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Heart attacks more common among the unemployed

Heart attacks more common among the unemployed

People who have recently lost their jobs are more likely to suffer a heart attack than their employed peers, a new study suggests.

Researchers found each successive job loss was tied to a higher chance of heart problems among more than 13,000 older adults. Still, it’s not clear if or how unemployment, itself, might have caused the extra heart attacks.

Matthew Dupre, the lead researcher on the report from the Duke Clinical Research Institute in Durham, North Carolina, said a combination of stress, worsening lifestyle and poor management of chronic conditions without health insurance may be to blame.

“Those without a job may be unable to control their high blood pressure or to manage their diabetes (with their usual medication), or rates of smoking may be exacerbated,” Dupre told Reuters Health.

But it’s too early to know for sure what’s behind the link, he said, which means it’s also too early to recommend ways to ward off heart problems among the recently-unemployed.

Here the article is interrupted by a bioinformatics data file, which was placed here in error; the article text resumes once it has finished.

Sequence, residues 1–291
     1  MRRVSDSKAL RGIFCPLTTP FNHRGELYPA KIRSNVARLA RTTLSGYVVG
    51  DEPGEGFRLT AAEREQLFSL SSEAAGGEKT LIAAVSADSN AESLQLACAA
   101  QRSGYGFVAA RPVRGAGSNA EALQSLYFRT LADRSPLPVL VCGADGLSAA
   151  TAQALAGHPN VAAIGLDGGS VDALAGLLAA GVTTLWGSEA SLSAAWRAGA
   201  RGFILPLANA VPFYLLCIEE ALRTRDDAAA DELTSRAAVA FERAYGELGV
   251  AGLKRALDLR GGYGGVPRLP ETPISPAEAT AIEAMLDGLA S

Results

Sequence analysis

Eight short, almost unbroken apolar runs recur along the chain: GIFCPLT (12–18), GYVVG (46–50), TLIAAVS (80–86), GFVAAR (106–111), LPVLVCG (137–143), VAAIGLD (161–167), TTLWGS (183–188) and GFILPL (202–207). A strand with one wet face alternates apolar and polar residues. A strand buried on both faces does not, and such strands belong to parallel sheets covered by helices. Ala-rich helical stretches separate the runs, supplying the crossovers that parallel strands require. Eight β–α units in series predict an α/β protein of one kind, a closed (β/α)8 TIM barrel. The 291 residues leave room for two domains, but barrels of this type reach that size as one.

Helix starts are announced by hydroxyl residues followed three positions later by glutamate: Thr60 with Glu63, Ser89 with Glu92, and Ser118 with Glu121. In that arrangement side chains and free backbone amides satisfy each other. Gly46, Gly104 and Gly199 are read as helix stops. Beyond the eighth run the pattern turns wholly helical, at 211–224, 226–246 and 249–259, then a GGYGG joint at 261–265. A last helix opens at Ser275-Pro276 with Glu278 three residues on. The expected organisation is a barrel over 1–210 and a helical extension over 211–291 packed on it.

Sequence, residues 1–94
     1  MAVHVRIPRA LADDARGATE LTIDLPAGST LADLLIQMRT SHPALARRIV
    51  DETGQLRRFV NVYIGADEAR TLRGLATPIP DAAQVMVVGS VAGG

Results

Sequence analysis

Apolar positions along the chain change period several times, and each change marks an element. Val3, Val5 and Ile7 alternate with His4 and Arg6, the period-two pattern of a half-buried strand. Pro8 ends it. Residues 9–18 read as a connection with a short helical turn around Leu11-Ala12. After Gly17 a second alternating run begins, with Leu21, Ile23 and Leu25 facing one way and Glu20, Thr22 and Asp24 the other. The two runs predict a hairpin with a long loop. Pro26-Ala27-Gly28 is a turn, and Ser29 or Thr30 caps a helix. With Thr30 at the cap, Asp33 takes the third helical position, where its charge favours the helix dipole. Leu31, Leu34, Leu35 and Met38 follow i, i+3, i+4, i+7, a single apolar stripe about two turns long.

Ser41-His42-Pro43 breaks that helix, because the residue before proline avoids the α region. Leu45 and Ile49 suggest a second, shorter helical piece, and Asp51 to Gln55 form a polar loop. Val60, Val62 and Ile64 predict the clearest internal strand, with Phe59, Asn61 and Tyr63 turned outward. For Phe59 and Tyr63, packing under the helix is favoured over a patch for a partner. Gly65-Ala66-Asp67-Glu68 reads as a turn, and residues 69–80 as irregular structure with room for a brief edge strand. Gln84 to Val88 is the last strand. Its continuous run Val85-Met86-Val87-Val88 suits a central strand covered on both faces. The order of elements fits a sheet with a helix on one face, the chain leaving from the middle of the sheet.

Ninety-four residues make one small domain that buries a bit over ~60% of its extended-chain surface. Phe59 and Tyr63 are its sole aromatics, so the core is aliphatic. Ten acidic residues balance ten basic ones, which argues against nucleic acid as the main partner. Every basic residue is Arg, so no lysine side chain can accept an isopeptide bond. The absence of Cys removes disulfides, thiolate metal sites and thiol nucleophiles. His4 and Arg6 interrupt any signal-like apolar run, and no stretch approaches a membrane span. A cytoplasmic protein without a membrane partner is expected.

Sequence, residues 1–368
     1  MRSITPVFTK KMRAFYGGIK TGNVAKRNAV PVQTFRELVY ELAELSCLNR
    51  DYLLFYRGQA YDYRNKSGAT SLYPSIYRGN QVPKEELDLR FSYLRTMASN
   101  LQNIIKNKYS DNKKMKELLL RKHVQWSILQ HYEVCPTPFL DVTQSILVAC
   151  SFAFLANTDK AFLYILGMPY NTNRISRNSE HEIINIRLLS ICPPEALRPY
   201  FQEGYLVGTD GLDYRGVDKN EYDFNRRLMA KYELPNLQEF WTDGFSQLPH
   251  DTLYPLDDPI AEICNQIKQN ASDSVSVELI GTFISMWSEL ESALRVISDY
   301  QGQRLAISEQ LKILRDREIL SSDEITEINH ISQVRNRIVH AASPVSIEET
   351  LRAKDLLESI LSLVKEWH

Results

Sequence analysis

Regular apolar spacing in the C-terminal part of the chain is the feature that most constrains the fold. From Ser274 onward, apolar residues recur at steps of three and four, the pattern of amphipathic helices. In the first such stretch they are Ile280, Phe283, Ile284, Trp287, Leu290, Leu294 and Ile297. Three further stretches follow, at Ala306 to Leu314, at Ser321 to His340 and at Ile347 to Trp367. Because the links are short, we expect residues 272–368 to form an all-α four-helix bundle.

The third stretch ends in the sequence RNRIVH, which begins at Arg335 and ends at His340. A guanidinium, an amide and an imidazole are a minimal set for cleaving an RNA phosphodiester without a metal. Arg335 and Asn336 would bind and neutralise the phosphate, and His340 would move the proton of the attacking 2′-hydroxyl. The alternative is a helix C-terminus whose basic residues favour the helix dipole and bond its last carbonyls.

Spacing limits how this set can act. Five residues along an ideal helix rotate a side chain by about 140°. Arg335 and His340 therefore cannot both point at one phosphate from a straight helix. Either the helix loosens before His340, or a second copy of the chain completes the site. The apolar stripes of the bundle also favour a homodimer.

The new data came from a large U.S. study of 13,451 adults who were interviewed every other year, for an average of 12 years, about their health, lifestyle and life events such as employment and job loss.

Study participants were 55 years old at the onset, on average, and two-thirds of them were overweight or obese. One in seven people was initially unemployed.

During the research period, 1,061 of all participants – almost eight percent – had a heart attack.

Dupre’s team found the more times people had been let go leading up to the latest survey, the higher their chance of having a heart attack. Unemployment was still linked to a 35 percent increased risk of heart attack after the researchers accounted for the effects of poverty and education, as well as race, age and other heart risks.

“We weren’t surprised to find the association, but we were surprised to find that the effects were so large, on par with classic risk factors such as hypertension and diabetes,” Dupre said.

“The associations are strong, and they remain despite accounting for a whole host of possible explanations.”